SOX Compliance

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SOX compliance refers to best practice regulations of corporations set forth by the Sarbanes-Oxley Act of 2002. This United States federal law does several things to control corporate financial reporting and accuracy. It also created a supervisory board, the Public Company Accounting Oversight Board (PCAOB) that is the main body that oversees, regulates, inspects and disciplines accounting firms that are auditors for publicly owned companies.

The law was generated by Senator Paul Sarbanes and US Representative Michael Oxley following a series of accounting scandals in major corporations. Enron, Tyco and WorldCom are some of the most famous cases that cost investors billions. Besides the losses in share prices, the securities markets suffered losses in public confidence.

SOX compliance sets new or better “best practice” standards for publicly held U.S. companies, their boards, management and for public accounting firms. Privately held companies do not need to comply with SOX regulations.

The Act sets up rules governing oversight, auditing, corporate responsibilities, financial disclosures, conflict of interest, authorities, studies and reports, fraud accountability, penalties for white collar crime, corporate tax returns, and criminality for corporate fraud accountability. SOX attempts to rule over the relationship between publicly held companies and their financial reporting practices, as well as auditing firm objectivity. Violation of the law can result in criminal penalty fines and up to 20 years in prison or both. Whistleblower protection is provided, with offenders getting up to 10 years, fines or both.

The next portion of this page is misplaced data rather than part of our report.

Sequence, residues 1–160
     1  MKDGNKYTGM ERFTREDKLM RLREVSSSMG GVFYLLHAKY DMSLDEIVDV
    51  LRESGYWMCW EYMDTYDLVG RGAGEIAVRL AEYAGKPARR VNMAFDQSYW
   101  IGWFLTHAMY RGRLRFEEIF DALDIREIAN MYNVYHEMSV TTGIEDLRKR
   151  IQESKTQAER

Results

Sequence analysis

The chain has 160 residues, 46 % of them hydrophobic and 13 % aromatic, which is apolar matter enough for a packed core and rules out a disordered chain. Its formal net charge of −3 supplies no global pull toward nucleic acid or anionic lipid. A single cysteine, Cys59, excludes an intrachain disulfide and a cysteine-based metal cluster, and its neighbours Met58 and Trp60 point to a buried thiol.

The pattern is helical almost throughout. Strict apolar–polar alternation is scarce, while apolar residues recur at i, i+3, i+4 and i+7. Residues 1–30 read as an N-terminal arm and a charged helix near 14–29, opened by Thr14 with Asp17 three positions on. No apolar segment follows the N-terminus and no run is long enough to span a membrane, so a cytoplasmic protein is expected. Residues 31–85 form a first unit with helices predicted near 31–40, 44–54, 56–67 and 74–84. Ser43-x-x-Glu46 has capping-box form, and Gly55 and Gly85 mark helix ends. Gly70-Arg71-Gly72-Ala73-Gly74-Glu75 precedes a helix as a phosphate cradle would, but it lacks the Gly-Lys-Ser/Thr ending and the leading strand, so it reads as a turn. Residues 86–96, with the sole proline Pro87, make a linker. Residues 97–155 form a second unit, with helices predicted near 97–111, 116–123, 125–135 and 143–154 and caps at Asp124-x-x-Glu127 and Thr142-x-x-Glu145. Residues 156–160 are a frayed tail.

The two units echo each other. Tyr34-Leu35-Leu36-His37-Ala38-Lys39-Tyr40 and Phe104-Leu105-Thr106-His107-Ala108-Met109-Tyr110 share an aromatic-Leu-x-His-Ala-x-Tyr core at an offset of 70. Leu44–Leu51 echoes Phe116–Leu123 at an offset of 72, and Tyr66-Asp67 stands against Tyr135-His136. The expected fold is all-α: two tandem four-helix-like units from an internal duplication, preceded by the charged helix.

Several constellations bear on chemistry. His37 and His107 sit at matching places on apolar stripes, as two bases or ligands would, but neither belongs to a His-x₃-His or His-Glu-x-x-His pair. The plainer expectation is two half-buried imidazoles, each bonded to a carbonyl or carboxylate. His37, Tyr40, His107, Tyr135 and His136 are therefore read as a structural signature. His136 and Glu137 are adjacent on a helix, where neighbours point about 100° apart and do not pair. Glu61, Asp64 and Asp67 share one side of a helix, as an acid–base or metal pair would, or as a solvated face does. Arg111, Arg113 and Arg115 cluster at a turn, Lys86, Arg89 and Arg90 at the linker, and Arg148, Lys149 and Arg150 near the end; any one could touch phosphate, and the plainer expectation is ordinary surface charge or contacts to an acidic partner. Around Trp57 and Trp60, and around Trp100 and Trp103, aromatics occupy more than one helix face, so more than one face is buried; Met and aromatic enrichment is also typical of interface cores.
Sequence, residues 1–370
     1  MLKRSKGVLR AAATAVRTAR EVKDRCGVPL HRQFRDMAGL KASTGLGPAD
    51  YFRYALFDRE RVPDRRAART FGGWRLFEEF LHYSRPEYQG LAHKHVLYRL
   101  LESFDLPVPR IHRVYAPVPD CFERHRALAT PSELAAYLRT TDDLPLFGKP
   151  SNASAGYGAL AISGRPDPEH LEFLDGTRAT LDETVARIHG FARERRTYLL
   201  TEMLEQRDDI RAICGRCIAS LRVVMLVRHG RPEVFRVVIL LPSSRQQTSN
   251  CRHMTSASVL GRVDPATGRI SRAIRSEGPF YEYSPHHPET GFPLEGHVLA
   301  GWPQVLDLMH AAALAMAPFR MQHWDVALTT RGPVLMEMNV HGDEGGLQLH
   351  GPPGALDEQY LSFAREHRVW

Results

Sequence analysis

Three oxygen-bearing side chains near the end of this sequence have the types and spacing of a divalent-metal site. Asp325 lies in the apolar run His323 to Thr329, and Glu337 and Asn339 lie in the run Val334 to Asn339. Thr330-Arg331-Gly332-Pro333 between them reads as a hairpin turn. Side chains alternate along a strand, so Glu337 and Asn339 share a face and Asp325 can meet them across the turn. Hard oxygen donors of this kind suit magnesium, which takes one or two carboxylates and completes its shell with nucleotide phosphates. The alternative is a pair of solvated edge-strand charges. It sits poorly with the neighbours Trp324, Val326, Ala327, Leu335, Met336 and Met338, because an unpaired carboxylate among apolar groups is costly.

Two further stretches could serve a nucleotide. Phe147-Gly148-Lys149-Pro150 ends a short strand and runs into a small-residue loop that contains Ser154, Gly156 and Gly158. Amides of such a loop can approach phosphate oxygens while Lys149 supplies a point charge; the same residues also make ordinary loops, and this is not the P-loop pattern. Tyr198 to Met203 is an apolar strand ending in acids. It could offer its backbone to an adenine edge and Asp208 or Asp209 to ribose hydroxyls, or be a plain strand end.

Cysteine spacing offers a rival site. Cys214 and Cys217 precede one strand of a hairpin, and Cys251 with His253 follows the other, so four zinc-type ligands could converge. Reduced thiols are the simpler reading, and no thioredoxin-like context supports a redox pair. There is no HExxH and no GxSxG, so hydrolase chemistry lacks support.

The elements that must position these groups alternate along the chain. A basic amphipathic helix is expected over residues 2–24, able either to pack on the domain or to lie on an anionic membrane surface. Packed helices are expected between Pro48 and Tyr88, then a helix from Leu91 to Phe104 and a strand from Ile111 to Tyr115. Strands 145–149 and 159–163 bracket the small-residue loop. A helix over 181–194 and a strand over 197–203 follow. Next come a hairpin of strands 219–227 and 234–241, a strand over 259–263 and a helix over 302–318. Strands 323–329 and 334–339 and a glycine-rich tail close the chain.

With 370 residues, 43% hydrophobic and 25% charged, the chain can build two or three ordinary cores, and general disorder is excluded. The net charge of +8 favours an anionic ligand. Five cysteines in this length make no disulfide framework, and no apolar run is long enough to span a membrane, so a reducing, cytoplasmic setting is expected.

Criticism of the Act is slanted towards saying it costs too much, putting American companies at a disadvantage competitively against internationals. Some companies leave the U.S. stock exchanges for exchanges abroad. New IPOs are greatly reduced because of compliance costs. Critics claim the Act damages entrepreneurship, hurts venture capital business and has not been shown to reduce fraud.

Allen Greenspan, former Federal Reserve Chairman, praised the Act. He says it forces companies to act in the interest of shareholders who own the company, and gets company owners to use resources to the optimum effectiveness. The Act has resulted in financial statements that are more reliable and accurate, thus enhancing investor confidence.

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